Cancer funding in the UK fits global pattern of gender bias

Women receive fewer and smaller grants across the world.

Credit: Evgeny Gromov/Getty

Cancer funding in the UK fits global pattern of gender bias

Women receive fewer and smaller grants across the world.

15 May 2018

Smriti Mallapaty

Evgeny Gromov/Getty

Male scientists in the United Kingdom received an extra 40 pence for every pound awarded to women, reveals an analysis of cancer research funding over more than a decade. The study, published in BMJ Open on 14 May, is the latest contribution to a growing body of evidence establishing gender disparities in funding for science around the world.

The study, led by a collaboration between institutions in the UK and the United States known as Research Investments in Global Health (ResIn), specifically looked at public and philanthropic cancer research grants awarded to principal investigators in the UK between 2000 and 2013.

It analysed 4,186 grants, amounting to £2.33 billion distributed by funders, including the Medical Research Council, the Wellcome Trust, and the European Commission. Some 31% of the grants and 22% of the funds went to female investigators.

The majority of men received grants worth £252,647, compared to £198,485 for women. The difference was more pronounced in mean spending: £630,324 for men, but £394,730 for women. The largest disparities in total and average funding were observed in the areas of prostate and cervical cancer.

“We like to believe that, as scientists, we’re entirely objective,” says Heather Metcalf, director of research and analysis at the Association for Women in Science (AWIS ), US. “Without taking steps to see where and how bias influences our funding decisions, it is impossible to create more meritorious processes or make more strongly objective decisions.”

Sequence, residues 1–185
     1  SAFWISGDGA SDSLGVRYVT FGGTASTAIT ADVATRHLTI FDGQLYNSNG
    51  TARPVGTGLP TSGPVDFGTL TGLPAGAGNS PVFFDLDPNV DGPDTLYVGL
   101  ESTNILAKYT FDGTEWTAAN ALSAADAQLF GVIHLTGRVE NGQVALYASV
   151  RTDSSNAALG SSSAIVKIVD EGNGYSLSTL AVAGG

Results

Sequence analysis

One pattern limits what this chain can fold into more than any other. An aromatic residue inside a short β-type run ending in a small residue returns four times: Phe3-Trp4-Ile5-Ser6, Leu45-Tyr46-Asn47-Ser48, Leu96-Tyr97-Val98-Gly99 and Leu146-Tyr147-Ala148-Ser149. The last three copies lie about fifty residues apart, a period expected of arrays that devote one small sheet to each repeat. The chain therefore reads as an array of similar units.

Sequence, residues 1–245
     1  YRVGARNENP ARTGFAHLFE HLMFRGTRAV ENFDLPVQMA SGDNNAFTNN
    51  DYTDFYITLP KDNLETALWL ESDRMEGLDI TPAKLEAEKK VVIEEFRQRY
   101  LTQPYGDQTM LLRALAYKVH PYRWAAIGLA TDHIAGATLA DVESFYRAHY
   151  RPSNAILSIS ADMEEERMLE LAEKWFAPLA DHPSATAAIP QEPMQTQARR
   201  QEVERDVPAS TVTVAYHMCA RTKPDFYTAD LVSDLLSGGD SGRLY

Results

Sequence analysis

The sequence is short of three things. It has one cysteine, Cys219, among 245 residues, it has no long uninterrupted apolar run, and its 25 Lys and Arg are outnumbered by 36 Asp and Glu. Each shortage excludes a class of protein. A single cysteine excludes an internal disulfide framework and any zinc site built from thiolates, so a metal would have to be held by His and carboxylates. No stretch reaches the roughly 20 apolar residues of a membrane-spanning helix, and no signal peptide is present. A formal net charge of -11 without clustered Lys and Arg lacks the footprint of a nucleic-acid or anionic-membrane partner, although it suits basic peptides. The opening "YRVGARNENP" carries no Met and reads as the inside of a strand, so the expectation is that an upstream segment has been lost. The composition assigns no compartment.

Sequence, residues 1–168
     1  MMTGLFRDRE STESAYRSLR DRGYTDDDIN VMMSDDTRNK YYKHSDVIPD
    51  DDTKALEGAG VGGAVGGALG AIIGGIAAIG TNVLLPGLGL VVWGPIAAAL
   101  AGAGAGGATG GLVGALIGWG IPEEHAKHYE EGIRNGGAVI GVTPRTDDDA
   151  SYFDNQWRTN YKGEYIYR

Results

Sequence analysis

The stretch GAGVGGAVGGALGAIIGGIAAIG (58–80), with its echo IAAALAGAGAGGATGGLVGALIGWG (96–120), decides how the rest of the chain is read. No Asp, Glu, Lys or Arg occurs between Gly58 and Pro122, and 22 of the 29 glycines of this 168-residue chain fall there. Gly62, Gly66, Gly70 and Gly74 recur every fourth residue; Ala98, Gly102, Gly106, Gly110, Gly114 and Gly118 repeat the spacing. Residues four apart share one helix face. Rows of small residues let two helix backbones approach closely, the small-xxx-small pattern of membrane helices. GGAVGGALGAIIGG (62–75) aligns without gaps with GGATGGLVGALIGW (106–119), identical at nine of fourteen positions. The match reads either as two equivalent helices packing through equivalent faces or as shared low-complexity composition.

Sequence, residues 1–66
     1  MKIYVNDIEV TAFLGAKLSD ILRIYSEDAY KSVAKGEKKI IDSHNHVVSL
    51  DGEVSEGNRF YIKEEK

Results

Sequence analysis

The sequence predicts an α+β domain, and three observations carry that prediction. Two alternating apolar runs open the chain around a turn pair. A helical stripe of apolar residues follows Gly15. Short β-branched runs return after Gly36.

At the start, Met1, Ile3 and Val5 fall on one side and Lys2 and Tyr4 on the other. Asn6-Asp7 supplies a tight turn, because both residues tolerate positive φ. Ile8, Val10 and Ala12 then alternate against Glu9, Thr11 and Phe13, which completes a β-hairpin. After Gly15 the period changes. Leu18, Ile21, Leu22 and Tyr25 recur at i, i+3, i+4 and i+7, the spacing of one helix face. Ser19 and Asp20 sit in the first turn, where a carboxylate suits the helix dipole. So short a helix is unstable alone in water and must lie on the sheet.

Women in science face discrimination at every stage of their careers, she says, including in hiring, promotion, tenure, start-up investment, as well as access to networks, mentors and space.

The results of the latest ResIn study concur with earlier findings by the group into UK investment in infectious disease research between 1997 and 2010. Women received 28% of grants and 21.5% of funding, at a median value of £125,556 — some £50,000 short of the amount received by the majority of men.

“It is important to examine how research funding is allocated and the decisions that drive this to ensure it is transparent, fair and valid,” says Mahiben Maruthappu, lead author of the BMJ study and a member of ResIn, which plans to extend its analyses to other countries and areas of health research, such as cardiovascular disease.

The situation in the UK is consistent with a broader global trend. Figures from the European Union show that while women have become more successful at winning grants since 2010, men continue to enjoy a higher success rate in most countries.

Women also receive fewer awards and smaller sums from the US National Institutes of Health in areas studied so far, such as ophthalmology and otolaryngology, with reduced success rates when obtaining subsequent grants. Reviewers also give women lower scores, despite describing their proposals as “excellent” or “outstanding”.

Overall, says Metcalf, “women in the life sciences fields are regularly awarded fewer grants relative to their representation in the application pool, and when they are awarded grants, the dollar amounts tend to be lower.”

The pattern also applies across sectors. For example, female-led companies in the US received some 2% of venture capital dollars spent over the past two years, and 15% of angel funds.

It is important however, says Metcalf, to factor race into studies of gender, so as to identify whether race or gender is the target of bias. The US Government Accountability Office has pushed for consistency in the way federal funding agencies collect information, including on race and gender, to better assess bias and increase diversity.

AWIS is also working with federal agencies to train reviewers on how implicit bias can inform their decisions. More research is needed on which interventions work and why, says Metcalf. “Lots of innovative ideas are under-resourced,” she says.